The book follows the story of three characters who face personal struggles and their paths cross in an impoverished slum, ironically named Anand Nagar.
Kolkata owes its title to this book by Dominique Lapierre which recounts the ordeals of three characters in the ironically named City of Joy. Different shades of poverty, despair, disease and pain show the dark reality of the have-nots living in the city. An impoverished slum is named Anand Nagar, where human resilience holds on to the will to live. A must read for those who have never seen the dark side of Kolkata.
6. Longing Belonging: An Outsider at Home in Calcutta by Bishwanath Ghosh
A portrait of Kolkata by a Bengali who has only recently fallen in love with Calcutta.
A probashi (Bengali living outside Bengal) comes back to his city to gradually fall in love with it and find his roots. Bishwanath Ghosh felt estranged from Kolkata during his childhood years, taking a trip every vacation to Calcutta. Returning to his hometown several years hence, he is taken in by the charm of the lazy, sluggish city and tries to recover what he lost out on during his childhood by talking to people in the city and taking down authentic dialogues about the city.
7. 10 Walks in Calcutta by Prosenjit Dasgupta
A native’s attempt to recount the history of colonial structures and legendary places in Kolkata by first-hand accounts of people, maps and interesting asides.
Pentax slung over one shoulder, carrying a notebook Prosenjit Dasgupta clocked 150 miles walking around the city taking pictures and delving deep into the history of the city not by textbooks but by firsthand accounts of people who have lived it. He puts together 10 walks complete with trivia, asides and maps, which pass by heritage sites and reveals the charm of Kolkata. He leads us through Chitpore road and past the crumbling, majestic mansion of old ‘Borolok’, influential Bengali families in the past and by College Street, overspilling with books.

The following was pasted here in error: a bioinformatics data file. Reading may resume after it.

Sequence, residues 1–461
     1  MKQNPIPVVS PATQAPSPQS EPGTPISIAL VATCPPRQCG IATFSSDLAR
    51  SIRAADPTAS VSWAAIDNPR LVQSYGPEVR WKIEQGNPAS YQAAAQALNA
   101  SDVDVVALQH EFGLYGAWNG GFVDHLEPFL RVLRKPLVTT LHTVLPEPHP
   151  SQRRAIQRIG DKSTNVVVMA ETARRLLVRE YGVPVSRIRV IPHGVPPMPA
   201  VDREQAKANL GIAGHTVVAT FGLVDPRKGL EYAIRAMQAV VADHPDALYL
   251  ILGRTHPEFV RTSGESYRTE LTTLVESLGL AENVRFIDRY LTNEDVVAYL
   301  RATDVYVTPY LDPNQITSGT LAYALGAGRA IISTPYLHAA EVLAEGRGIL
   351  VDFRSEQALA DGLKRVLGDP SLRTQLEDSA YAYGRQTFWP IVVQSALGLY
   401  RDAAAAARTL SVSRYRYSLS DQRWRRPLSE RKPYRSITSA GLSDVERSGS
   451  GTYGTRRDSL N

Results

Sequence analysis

8. The Calcutta Chromosome by Amitav Ghosh
Amitav Ghosh’s novel in which time and space overlap and a mysterious movement is unearthed which might have found the secret to eternal life.
This medical thriller will keep you engrossed while it flashes back and forth through time and space from balmy nights in Kolkata to present day New York. A computer programmer is drawn towards the life of an acquaintance across centuries who wants to explore the mystery of the malaria outbreak but ends up unearthing a mystical/scientific movement and there is a conspiracy afoot.
9. Beware of the Cemetery or Gorosthaney Sabdhan by Satyajit Ray
Feluda and Topshe get embroiled in another mystery when they discover a freshly dug up grave in Park Street cemetery and the answer lies in the heart of Kolkata.
One of the many Feluda stories is set in Kolkata where Feluda and his faithful Topshe discover a freshly dug grave in Park Street cemetery and are drawn into a complex chase which leads them to a singer, a seance and some beautiful places like Bourne and Shepherd, the city’s oldest photography studio. The book is a delight to read not just for Feluda’s mystery solving skills but also for its glimpses of beautiful places in Kolkata.
10. Midnight Palace by Carlos Ruiz Zafon
An intriguing read in which twins face a terrifying preternatural entity who is determined to take their lives.
My week is booked.